Cambridge makes ‘mini-lungs’ to investigate effects of COVID-19
Cambridge scientists collaborated with teams from South Korea to aid the global research effort on coronavirus
Scientists from Cambridge teamed up with scientists from South Korea to create ‘organoids’ (mini-organs) to experiment on as part of the ongoing worldwide fight against coronavirus.
Using lung cells donated to banks at several hospitals (including the Cambridge University NHS Foundations Trust) the team has reprogrammed cells back to their early ‘stem cell’ stage. This has allowed them to grow 3D structures that mimic life-size, self-organising human lungs.
What happens when SARS-CoV-2 infects the lungs?
Cambridge researchers, together with a team in South Korea, have developed 'mini-lungs' that enable them to watch the early stages of infection and see how our body responds: https://t.co/zhA0QN0QFH#COVID19 @SCICambridge @kaistpr
— Cambridge University (@Cambridge_Uni) October 23, 2020
The ‘mini-lungs’ were then infected with a strain of COVID-19 taken from a patient diagnosed on January 26 2020 after travelling to Wuhan, China. According to the report, published in the journal Cell Stem Cell, the scientists recorded “rapid viral replication” of COVID-19 after its exposure to the lungs, reaching “full cellular infection” after just six hours. After 48 hours, the innate immune response of the body was triggered. After sixty hours, some cells in the lungs began to disintegrate, damaging the lung tissue.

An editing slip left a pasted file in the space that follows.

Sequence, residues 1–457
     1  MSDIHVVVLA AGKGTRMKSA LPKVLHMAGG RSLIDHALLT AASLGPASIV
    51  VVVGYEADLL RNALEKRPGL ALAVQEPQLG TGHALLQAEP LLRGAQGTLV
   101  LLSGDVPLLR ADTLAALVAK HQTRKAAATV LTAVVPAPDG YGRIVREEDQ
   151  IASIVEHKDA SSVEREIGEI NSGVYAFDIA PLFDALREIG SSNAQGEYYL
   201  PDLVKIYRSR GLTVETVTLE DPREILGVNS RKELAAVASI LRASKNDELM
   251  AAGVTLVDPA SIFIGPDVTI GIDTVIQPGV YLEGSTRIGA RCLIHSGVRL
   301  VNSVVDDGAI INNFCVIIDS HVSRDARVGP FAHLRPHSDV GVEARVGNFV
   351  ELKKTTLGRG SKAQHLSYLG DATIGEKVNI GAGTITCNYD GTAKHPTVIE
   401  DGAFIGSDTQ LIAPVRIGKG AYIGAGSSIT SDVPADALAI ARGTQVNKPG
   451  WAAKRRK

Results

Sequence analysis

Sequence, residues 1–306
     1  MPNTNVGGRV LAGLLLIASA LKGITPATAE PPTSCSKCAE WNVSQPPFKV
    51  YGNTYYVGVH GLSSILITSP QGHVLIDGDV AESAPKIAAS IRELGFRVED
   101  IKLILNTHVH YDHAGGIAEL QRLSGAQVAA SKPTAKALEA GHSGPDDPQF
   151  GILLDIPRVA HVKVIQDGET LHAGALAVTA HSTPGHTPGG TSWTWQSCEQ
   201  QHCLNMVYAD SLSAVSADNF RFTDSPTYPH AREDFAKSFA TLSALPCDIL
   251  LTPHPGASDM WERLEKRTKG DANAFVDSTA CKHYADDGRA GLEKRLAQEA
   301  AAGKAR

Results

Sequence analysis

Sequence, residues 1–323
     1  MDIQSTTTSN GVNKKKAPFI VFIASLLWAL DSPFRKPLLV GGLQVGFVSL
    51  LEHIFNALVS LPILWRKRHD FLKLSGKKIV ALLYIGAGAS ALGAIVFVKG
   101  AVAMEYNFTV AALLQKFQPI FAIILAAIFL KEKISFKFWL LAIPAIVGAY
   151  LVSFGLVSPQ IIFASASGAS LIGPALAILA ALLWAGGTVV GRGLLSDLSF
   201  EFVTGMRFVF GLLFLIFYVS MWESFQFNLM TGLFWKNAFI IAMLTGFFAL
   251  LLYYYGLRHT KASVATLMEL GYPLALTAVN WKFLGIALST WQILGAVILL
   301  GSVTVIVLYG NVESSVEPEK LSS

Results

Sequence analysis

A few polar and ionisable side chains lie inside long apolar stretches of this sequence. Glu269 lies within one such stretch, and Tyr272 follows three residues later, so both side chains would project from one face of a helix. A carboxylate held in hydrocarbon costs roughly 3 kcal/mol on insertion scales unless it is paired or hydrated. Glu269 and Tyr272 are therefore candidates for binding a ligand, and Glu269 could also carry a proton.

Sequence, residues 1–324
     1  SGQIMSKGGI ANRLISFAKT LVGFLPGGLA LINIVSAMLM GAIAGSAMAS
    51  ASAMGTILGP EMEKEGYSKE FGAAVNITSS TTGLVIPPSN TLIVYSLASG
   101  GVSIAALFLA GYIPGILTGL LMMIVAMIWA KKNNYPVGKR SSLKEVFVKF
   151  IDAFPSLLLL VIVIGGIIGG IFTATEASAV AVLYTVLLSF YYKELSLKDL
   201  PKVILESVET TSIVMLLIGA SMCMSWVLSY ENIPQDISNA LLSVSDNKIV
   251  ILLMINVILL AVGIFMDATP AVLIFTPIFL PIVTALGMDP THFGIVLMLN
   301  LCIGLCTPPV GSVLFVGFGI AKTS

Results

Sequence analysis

The team noted that the damage inflicted on the ‘mini-lungs’ occurred rather more quickly than the ten days generally recorded between exposure and clinical symptoms in patients. Possible explanations were that a considerable number of cells needed to be inflamed by the virus before symptoms begin to show, or that the virus takes several days to travel from the upper respiratory tract into the lungs.
Dr Young Seok Ju, the co-senior author and an Associate Professor at Korea Advanced Institute of Science and Technology, spoke to the University: “Based on our model we can tackle many unanswered key questions, such as understanding genetic susceptibility to COVID-19, assessing the relative infectivity of viral mutants, and revealing the damage processes of the virus in human alveolar cells.”
The team hope to later use their technique to grow organoids from tissue belonging to at-risk groups to better investigate the specific impact on those most vulnerable.
Featured image credit: Geograph, Creative Commons License